The Right Stuff

There is a commercial currently running on television that exalts the strong moral character of most Firefighters. It is a scene where a room full of Firefighters in full turnout gear are sitting in attendance at a meeting being run by a tough looking Fire Chief. They are voting on vital issues and all seem to be on the same track. They are accomplishing good things using common sense.

The fire Departments throughout this country, and probably the world, are staffed by these kind of individuals. I know I can remember several who took a stand to defend Firefighters. One such person was Harold (Hank) Meyers.  Jeff VanEvery, a fellow Firefighter, asked me a question one day and then proceeded to give me the answer. The story involved Hank. You people on the Detroit Fire Department may be particularly interested in this tale of courage and fortitude.

Jeff asked,” Are you aware how our pension system grew to what it is today? Most guys don’t have a clue.

Back in the 50s and 60s all the money was in the National Bank of Detroit at 2 % or a tad more than 2%. When the City ran out of money before the end of the fiscal year, they could get a interest free loan from NBD to tide them over. What a sweet deal for both parties.  In the early 70s we could not get anyone to run for trustee of the pension board to fill the position available for Captain or above so Harold (Hank) Meyers threw his hat in and ran unopposed.

After Hank started attending board meetings he would come back to the engine house with all the rules and bylaws for the board. It seems that a representative of the Mayor was running the board meetings. Not an appointed ex-officio member, just someone the Mayor wanted to keep in control of the money. The 3 DFD members of the board (Hank Myers, Jimmy Jenkins, and I can’t remember the 3rd) along with a couple of police reps threw out the Mayor’s representative. In fact it was Hank who confronted the Mayor’s rep and asked him to leave. Then they did the right thing that allowed the fund to grow.  They admitted that nobody on the Board was smart enough to know where to invest the funds. So the first thing they did was to invite other local banks to the Board meetings to bring proposals on how to invest the Police and Firefighter’s pension funds. Sometimes in the late 70s all the funds were moved to another local bank, at that time about 350 million dollars. They had to close off all of downtown Detroit because the money had to be moved physically(no wire transfers at that time). One of the first investments made by the Board was to finance a mall outside of Boston at 18% interest. In a couple of years our fund was transformed from a savings account into a portfolio. We have many people to thank for our fund growing from 350 million to 4 billion dollars.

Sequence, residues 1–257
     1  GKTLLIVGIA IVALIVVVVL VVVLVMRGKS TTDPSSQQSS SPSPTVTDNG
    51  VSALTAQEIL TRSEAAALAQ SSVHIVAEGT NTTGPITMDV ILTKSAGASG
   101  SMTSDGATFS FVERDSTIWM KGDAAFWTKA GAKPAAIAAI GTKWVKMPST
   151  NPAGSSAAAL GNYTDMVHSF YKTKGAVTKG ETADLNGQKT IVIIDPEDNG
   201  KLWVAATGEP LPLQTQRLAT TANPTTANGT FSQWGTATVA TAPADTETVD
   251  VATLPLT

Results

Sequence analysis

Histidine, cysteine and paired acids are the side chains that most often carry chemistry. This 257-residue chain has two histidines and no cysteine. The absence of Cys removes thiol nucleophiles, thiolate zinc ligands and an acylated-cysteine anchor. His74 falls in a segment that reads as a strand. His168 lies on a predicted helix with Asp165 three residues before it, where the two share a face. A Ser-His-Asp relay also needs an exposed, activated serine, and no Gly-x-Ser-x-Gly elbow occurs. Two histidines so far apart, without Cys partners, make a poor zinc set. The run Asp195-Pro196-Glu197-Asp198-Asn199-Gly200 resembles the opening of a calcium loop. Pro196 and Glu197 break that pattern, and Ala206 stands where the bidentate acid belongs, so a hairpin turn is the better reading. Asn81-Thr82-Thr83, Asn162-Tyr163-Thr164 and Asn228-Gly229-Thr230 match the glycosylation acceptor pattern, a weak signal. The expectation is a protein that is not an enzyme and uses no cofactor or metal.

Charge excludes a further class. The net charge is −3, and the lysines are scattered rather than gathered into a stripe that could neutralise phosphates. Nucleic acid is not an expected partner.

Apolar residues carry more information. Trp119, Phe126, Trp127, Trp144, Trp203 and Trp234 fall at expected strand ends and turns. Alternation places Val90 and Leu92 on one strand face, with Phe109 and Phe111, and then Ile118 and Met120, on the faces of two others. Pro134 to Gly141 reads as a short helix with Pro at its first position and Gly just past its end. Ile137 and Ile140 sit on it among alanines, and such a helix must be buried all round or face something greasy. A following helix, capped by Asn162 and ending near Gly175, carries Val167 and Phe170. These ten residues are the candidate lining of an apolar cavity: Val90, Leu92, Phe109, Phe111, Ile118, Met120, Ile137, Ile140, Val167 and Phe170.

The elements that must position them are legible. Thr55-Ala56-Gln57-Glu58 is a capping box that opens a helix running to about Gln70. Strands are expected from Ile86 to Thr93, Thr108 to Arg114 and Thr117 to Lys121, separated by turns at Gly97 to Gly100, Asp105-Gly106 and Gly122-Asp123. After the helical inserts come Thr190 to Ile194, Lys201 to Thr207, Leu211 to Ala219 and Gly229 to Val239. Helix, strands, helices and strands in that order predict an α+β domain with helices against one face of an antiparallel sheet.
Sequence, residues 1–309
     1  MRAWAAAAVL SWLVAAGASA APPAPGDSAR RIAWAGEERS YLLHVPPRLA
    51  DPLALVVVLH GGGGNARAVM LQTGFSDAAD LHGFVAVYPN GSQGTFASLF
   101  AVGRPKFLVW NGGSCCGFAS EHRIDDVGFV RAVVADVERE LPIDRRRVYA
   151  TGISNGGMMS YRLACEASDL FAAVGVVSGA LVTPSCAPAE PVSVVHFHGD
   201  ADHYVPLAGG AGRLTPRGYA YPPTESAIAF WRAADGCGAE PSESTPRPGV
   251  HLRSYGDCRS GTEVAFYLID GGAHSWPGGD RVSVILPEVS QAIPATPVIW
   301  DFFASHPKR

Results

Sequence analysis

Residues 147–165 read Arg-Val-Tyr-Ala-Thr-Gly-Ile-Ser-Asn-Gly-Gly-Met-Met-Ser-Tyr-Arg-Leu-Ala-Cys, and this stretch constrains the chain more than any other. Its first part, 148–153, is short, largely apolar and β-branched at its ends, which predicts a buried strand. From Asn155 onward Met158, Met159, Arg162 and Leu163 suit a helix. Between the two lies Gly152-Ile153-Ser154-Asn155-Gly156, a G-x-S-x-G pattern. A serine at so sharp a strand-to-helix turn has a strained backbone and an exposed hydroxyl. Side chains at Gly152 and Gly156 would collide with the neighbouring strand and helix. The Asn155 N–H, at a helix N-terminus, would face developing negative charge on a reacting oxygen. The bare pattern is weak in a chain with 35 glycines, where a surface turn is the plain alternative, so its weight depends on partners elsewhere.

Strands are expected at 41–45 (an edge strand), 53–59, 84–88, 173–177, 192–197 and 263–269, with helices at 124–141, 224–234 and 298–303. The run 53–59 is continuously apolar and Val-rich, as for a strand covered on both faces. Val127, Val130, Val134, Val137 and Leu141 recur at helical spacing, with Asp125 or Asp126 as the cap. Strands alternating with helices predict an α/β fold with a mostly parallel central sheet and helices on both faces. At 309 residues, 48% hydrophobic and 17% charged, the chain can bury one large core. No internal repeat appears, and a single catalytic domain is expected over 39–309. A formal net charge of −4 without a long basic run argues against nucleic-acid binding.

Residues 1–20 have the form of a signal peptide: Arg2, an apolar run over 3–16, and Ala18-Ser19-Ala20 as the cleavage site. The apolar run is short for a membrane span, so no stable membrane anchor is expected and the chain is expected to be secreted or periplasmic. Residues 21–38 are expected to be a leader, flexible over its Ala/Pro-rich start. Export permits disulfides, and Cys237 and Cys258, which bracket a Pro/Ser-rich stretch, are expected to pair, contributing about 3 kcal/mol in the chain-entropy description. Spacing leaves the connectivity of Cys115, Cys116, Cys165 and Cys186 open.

I thank Jeff VanEvery for this enlightening piece of history and we should  be grateful for people like Captain Hank Meyers who worked so hard to protect all of us.

Comment Section:

Retired Chief Greg Pearn sent these comments

A good one... I remember I ran with the two of them on Squad I heard stories all the time. Captain Hank always wore a red sweat shirt at fires...I don't even remember a fire coat very often. He had his own (never washed) coffee cup (which Van Every and Black Jack Mueller set me up with to my dismay). Sold a big Buick to someone in the firehouse every year, talked constantly without breathing. Looked a bit like an old boxer. How rough and tumble could a man with a beer belly who was only 5'7" or 5'8" be. He instilled fear in people and constantly referred to his crew as his boys (squad men). He looked and talked like a longshoreman and required the battalion chief to remain at the watch desk until he was escorted in by the captain. Those were great days....thanks to Jeff for shaking my memory.

A comment from retired Fire Engine Operator Ralph Rehmer:

Hey bob,,, while running at eng 35 around 1970, I was detailed to sell Firemen Field Day tickets for the summer at Eng 53. Good ol hank ran the house in those days, and I think he still was with the pension board. Anyway...we used to gather in the kitchen doing what Firefighters do in the kitchen.  The chief came in for a surprise visit that afternoon. He was gonna go to the kitchen, when hank stepped in front of him and told him...Chief, your business is here at the watch boys are in the kitchen. you don't belong there. The Chief called his driver (probably in the kitchen with us), and promptly left the scene. Hank ran a good clean house. after he retired, he moved to Howell at Lake Chemung, and occasionally visited our pizzeria. He also, while living in Detroit, had a fire in his house. it's so long ago, I don't remember all the facts, but he didn’t call the dept, put the fire out himself, and got singed up a little in the process. He was a special guy.

Please send any comments or stories you may want to appear on Fire Talk to Bob Haig at

"Fire Talk" Archives

"Fire Horses" book authored by firefighter R.J. Haig.


Home PageAbout the BookFirefighting LinksAbout R. J. HaigPhoto GalleryTrail of the FirewriterFire TalkCop Talk